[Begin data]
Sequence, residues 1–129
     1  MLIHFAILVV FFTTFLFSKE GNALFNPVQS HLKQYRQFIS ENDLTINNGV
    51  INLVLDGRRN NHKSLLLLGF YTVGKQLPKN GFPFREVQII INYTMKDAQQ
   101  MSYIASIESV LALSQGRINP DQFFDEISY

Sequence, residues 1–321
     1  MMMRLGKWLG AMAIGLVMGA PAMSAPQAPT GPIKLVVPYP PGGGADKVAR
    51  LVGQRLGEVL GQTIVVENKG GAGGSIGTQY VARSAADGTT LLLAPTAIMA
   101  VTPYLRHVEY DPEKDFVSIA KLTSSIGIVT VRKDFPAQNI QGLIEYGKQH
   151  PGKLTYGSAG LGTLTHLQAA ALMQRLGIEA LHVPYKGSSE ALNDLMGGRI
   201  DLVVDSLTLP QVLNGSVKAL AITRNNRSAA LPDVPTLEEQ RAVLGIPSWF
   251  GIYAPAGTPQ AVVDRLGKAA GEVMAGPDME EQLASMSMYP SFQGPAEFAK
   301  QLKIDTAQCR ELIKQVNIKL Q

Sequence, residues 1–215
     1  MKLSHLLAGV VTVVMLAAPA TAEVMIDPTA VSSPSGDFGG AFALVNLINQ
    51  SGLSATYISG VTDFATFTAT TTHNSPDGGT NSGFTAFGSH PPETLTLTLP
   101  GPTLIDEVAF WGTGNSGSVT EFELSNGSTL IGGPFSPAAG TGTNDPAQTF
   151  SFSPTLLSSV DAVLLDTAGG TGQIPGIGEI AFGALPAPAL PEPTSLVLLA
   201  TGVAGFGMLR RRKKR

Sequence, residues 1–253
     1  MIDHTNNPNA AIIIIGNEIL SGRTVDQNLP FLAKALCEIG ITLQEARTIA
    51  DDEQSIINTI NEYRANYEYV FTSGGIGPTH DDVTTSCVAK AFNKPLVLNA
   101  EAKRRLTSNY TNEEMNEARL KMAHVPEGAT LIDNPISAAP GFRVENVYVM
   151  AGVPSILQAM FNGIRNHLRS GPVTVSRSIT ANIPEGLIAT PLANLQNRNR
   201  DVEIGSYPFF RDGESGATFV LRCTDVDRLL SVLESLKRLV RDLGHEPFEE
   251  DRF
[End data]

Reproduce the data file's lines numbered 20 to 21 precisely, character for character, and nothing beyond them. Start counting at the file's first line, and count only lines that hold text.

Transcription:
     1  MIDHTNNPNA AIIIIGNEIL SGRTVDQNLP FLAKALCEIG ITLQEARTIA
    51  DDEQSIINTI NEYRANYEYV FTSGGIGPTH DDVTTSCVAK AFNKPLVLNA